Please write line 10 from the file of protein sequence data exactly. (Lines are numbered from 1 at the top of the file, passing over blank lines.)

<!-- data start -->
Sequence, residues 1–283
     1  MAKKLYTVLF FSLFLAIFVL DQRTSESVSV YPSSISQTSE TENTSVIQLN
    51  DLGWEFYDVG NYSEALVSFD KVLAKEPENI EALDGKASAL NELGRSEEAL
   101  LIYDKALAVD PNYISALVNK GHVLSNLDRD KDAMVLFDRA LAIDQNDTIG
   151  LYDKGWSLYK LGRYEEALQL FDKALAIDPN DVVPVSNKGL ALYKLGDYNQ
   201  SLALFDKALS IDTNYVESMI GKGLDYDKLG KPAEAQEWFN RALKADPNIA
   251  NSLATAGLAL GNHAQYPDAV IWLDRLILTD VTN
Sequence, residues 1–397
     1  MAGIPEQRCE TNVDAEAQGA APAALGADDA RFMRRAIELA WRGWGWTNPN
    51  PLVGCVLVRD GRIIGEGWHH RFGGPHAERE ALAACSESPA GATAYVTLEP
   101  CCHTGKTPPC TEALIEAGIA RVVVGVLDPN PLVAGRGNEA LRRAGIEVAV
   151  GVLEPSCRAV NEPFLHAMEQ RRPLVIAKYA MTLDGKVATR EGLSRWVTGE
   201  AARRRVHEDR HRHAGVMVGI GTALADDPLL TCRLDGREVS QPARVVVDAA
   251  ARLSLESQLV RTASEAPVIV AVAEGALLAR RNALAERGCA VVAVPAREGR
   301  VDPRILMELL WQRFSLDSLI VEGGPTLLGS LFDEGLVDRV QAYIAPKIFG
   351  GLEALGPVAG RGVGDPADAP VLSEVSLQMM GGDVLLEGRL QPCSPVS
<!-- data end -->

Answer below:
    51  PLVGCVLVRD GRIIGEGWHH RFGGPHAERE ALAACSESPA GATAYVTLEP